Jean Auel's Clan of the Caveman series has rape in the first book, but the other books the sex becomes so repetitive I grew bored and skipped them. She must have cut and pasted the scenes whenever she decided to spice up the story between describing fauna and flora.

2. Sometimes what women consider romance is not what I consider it to be.

In college literature class we read The Horse Dealer's Daughter, by D.H. Lawrence. In class I was called upon to tell the plot. I responded by saying a man see's a woman walk into a lake trying to drown herself. He rushes in, takes her to her home and while drying off she attacks him by putting her arms around his legs and not letting him go.

Mrs. C. became indignant and said, Mr. Prescott you may have considered she attacked him, but this is considered to be one of the most romantic stories in English literature."

I stand by my response.

3. For some reason there's a trope involving a stalker. Either the woman is being stalked or in the Fifty Shades trilogy the man is being stalked.

4. Somehow a man can do just about anything if he's rich enough. It's always romantic with a Billionaire, used to be millionaire, but inflation has hit.


Saturday, June 17, 2023

Compromise with Walmart

 Thursday DVD player died. I went to Wally World and ran into a difficulty. The one I bought was broken and they would not refund my money. Had a sleepless night with adrenaline coursing through my veins.

Finally cooled down and wrote this letter to the store:

To: Manager Aaron,

2550 Coors BLDV NW

Albuquerque, NM 87120


Dear Sir,


On June 15, 2023, I purchased a Sony DVD player in your store. I requested the salesclerk in Electronics to get the player out of the glass case it was stored in. She rang up the sale (see receipt 1 attached) and then saw that it had a reduced price on it.

She directed me to the service department to correct the problem. At the service department the clerk refunded the first purchase price and rang up the other price. (See receipts 2 and 3). The player was taped but did have hole in the front of the box.

I took the player home and found that the on/off button was broken. The remote had batteries in it which I replaced. The remote turned the machine on with a blue light visible, but it would not open the DVD tray. The button on the machine would not open the tray. This made the machine inoperable.

Returning to the store I expected to get a refund for a machine not in working order. I was informed that at the purchase I was told it was “AS IS” and not refundable. I do not remember hearing the salesclerk saying this. I was naturally upset for having paid nearly ninety dollars for a broken machine that was useless. A few words were spoken, but I did not utter any obscenities, though they did enter my mine and still do.

Under the U.S. Uniform Commercial Code: Section 2-314: 2 Goods to be merchandisable must be at least such are, c) are fit for the ordinary purpose for the which goods are used, d) run, within the variations permitted by the agreement of the even kind,…

In layman’s terms this means if I buy a DVD Player and it does not play DVD’s this violates the implied warranty of the product.

To insist that a product that is purchased is not refundable when there is the reasonable expectation that it will work as expected is illegal. This was not a scratch and dent defect, it was broken at the time of sale, and that is not covered by “All Sales Final.”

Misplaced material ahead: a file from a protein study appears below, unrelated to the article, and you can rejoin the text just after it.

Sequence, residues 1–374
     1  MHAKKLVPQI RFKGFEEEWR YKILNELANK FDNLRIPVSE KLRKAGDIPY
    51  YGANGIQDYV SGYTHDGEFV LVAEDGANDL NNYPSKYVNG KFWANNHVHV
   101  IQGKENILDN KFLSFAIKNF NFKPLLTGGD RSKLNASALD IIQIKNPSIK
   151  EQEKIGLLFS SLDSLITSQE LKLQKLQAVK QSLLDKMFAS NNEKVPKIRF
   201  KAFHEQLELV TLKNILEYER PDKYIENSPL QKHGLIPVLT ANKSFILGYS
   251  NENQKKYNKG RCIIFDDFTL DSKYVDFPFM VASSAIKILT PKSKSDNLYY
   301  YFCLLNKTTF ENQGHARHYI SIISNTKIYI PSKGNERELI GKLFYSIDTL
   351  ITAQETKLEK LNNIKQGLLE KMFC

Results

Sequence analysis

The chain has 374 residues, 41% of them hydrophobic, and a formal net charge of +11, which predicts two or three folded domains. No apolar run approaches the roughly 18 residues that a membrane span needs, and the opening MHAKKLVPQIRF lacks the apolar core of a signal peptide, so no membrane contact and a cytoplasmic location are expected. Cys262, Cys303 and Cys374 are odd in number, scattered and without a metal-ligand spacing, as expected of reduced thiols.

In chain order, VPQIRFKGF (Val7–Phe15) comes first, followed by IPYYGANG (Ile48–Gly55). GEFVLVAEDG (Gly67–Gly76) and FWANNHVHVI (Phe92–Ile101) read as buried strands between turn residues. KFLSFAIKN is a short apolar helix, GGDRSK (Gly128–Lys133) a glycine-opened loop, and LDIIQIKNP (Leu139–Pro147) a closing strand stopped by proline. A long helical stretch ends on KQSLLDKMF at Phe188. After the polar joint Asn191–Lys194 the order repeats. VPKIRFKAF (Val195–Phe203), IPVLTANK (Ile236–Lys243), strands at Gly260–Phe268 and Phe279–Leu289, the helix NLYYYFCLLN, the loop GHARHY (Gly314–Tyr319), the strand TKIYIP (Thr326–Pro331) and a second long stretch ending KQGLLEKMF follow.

The item I bought was not on a table with a sign marked it as all sales final. I did not hear the words “All sales final,” because if I did, I would not have bought it.

I was willing to buy the player as new at the new price, as sales receipt 1 indicates. I am willing to buy this product if it is new at the full retail price, by paying the extra $29.36 if the $88.09 already paid is applied.

Your benefit is the sale of a product and a satisfied customer.

Took it to the store.

I now have a new DVD player and am content to have settled the matter.




Tuesday, June 13, 2023

WC061423: What I love about being a blogger/reader


Today's challenge is What I love about being a blogger/reader.

Most of the blogs I read and comment on are about books and reading. Two birds with one stone.

I enjoy telling some things about me and my likes and dislikes concerning books and learning about the likes and dislikes of other bloggers.

This challenge has been my mainstay for the last few years for most of blog posts. I still post musings and other things on my mind, but that's only when I'm between writing on my next novel or anthology of short stories.

I have a good friend in Yogi, who I recently discovered he was a year behind me in high school. Blogging for years and on FB and didn't know.

Berthold has been a really good blogging friend over the years. I've read and given him advice on his writing and he's done the same for me. He's a constant source of books I'd never have heard of and have enjoyed.

I met Lydia through Berthold and she got me interested in Top Ten Tuesday and Wednesday Challenge.

I've been a voracious reader all my life and haven't let up. Today my eyes get tired easily even with a large font on an e-reader, so I'm switching to audio books. It drives my wife crazy when she wants to talk to me and I have to turn off the book on my phone, and it runs my hearing aids battery down real fast, but mostly I enjoy listening and rest my eyes. Allergies are bad this year. 

I made the mistake of downloading a Game of Thrones book. The narrator is horrible and when Martin goes three or four pages on the lineage of ancient kings and kingdoms it's easier to just skip pages than fast forwarding the whole chapter.

It's good to be retired so when I'm not waging war on goat heads, tumble weeds, milk weeds and other unwanted plants in my yards; I can read, listen and write to my hearts content, until my wife wants me to go shopping with her.

Wednesday, June 07, 2023

WC060723: Older books other people should read


Today's challenge is: Older books other people should read. I'm altering the challenge to not just older books, but older authors as well.

Anything and everything by Isaac Asimov.

Also I'll add Robert Heinlein, Poul Anderson, Frank Herbert and many other great science fiction authors.

All of Dr. Seuss, especially the ones that they are trying to ban. 

Absolute best for understanding how prosecutors assemble the evidence and dissect it to discover motive and then prove it in court. Bugliosi has other books out as well.

Anything and everything by Harlan Ellison.

The mother of modern science fiction. She imagined galactic empires, stargates, and much more we take for granted today.

Don't forget the classics. 

Nonfiction is important too. Be it science, medicine, psychology, or history never stop learning.